After peace accord, Assam’s ex-Bodo rebels likely to float a political party

Speculations were rife that they will vie for political space and the speculations got strengthened as they are meeting on February 12.

Published: 10th February 2020 04:56 PM  |   Last Updated: 10th February 2020 04:56 PM   |  A+A-

Bodo students union

It is unclear if the ABSU or the UBPO will have any stake in the formation of the party. (File Photo | EPS)

Express News Service

GUWAHATI: Close on the heels of Centre’s signing of historic third Bodo peace accord, Assam’s Bodo heartland is likely to see the birth of a political party.

It will be midwifed by all four factions of the erstwhile insurgent group National Democratic Front of Bodoland (NDFB) which were among the signatories of the accord.

Speculations were rife that they will vie for political space and the speculations got strengthened as they are meeting on February 12. The All Bodo Students’ Union (ABSU) and the United Bodo People’s Organisation (UBPO) are the other signatories of the accord. It is still not clear if the ABSU or the UBPO will have any stake in the formation of the party.

The ABSU confirmed the meeting of the NDFB factions would be held “in a day or two”. The student body said it was obvious the Bodoland People’s Front (BPF), which rules the autonomous Bodoland Territorial Council (BTC), would be nervous over the latest developments.

In the absence of a formidable opposition party, the BPF has been ruling BTC ever since its creation in 2003 in the aftermath of erstwhile rebel group Bodo Liberation Tigers’ signing of the second Bodo peace accord with the Centre.

With BTC elections scheduled for April this year, the new political party, if at all floated, is likely to throw up a challenge to the BPF which is an ally of the BJP and a constituent of the state’s BJP-led ruling coalition. The BPF sought to put up a brave face.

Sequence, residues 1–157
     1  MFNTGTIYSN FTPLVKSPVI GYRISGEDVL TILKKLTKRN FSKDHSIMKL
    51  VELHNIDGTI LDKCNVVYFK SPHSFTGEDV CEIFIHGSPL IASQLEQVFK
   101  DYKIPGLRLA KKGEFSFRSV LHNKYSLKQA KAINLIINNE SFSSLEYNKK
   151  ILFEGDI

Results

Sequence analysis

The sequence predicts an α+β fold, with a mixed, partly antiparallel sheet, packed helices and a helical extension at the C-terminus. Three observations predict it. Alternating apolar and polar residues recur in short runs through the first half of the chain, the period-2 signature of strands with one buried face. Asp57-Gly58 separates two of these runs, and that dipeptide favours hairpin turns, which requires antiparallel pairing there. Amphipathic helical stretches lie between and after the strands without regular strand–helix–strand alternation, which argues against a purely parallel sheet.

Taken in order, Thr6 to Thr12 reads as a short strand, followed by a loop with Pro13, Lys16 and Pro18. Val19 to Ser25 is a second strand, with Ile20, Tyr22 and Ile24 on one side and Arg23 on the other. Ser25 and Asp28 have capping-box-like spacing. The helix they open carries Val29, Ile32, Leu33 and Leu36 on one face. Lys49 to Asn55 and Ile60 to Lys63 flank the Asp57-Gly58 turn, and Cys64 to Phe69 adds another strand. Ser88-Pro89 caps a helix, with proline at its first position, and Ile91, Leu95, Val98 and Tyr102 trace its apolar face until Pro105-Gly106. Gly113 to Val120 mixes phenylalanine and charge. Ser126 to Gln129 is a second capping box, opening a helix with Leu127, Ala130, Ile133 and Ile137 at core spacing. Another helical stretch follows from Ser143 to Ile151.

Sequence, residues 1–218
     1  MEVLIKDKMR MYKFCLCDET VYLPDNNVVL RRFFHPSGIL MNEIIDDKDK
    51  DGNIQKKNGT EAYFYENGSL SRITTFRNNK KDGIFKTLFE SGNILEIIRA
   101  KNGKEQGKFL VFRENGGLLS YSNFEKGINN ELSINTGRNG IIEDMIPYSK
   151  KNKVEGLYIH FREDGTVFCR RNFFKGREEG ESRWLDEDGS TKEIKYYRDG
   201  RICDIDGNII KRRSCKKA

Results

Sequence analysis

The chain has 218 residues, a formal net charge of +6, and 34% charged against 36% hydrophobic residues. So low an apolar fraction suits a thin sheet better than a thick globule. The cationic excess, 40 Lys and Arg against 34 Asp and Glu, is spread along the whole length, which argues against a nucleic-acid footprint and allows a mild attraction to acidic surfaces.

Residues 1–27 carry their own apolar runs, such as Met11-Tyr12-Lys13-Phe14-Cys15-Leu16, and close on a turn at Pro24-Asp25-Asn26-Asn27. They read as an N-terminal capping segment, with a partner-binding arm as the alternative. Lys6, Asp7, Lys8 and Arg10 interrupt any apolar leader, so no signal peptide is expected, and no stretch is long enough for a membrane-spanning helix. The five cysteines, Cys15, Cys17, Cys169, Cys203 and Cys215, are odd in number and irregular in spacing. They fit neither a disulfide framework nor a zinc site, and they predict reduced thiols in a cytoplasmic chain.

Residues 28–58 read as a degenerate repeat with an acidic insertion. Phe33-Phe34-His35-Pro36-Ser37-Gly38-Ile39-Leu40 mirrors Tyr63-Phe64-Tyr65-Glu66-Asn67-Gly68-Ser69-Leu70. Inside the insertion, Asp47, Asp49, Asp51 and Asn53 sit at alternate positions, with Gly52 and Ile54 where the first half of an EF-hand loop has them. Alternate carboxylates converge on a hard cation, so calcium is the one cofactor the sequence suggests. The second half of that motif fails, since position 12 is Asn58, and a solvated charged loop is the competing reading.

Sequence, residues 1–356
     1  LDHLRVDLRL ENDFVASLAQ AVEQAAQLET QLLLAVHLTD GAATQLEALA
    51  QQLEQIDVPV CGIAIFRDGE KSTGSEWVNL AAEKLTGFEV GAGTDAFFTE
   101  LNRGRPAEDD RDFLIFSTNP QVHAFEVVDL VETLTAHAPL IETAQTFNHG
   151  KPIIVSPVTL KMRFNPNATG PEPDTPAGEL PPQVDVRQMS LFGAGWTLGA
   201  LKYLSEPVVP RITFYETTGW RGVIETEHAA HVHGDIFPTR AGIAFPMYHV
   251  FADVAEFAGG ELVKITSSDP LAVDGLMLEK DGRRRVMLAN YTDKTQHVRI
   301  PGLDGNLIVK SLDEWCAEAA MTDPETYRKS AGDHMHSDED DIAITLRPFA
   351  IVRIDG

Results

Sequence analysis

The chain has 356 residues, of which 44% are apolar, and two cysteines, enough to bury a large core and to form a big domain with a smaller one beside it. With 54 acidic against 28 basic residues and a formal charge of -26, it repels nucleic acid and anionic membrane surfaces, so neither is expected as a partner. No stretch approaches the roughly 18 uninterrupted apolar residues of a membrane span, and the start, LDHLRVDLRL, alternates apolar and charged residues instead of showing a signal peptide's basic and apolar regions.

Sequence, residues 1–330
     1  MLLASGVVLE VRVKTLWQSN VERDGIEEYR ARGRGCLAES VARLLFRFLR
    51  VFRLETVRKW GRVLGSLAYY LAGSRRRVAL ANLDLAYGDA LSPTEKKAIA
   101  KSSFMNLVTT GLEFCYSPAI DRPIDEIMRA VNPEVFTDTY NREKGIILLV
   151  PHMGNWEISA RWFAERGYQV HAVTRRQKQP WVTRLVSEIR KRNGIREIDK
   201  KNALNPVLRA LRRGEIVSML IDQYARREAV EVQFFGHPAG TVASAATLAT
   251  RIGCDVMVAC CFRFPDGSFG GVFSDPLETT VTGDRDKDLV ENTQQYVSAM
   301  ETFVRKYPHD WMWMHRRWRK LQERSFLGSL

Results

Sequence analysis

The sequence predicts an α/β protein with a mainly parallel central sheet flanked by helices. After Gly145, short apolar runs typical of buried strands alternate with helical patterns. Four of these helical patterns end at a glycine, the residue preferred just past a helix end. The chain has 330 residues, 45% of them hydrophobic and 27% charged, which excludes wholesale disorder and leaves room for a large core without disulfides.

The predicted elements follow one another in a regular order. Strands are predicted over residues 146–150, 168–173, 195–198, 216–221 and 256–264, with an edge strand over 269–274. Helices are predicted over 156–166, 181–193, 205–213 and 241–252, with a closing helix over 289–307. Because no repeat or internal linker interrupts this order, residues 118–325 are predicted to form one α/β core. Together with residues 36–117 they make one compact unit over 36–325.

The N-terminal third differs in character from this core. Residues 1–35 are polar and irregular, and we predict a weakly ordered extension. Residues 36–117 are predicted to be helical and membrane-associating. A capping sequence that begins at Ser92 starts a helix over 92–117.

“I heard the four NDFB factions will meet and that they will float a political party. Every individual or organisation has a democratic right to do so. But even if they form one, they will not be able to unseat the BPF. The new party will not be a factor for us,” former rebel leader-turned-BTC chief, Hagrama Mohilary, told journalists.

Assam Minister and BPF leader Pramila Rani Brahma said the BPF would not mind if the party is floated.

“Our only appeal to them is that whatever they do, they should keep in mind the interests of all communities living in BTC. We will not create any hurdles for them and they should also not create any for us,” she said.

All previous BTC elections were virtual cakewalk for the BPF. Congress and BJP hardly have any base in areas falling under the Council. There are some regional parties there but they could never put up a fight to the BPF. However, the poll scene is likely to change this election around as the NDFB factions enjoy mass support. This was evident in the recent rally in Kokrajhar, organised to celebrate the signing of third Bodo accord, where over 5 lakh people had turned up. Prime Minister Narendra Modi, who attended the event, had said it was possibly the country’s biggest political rally post-independence.

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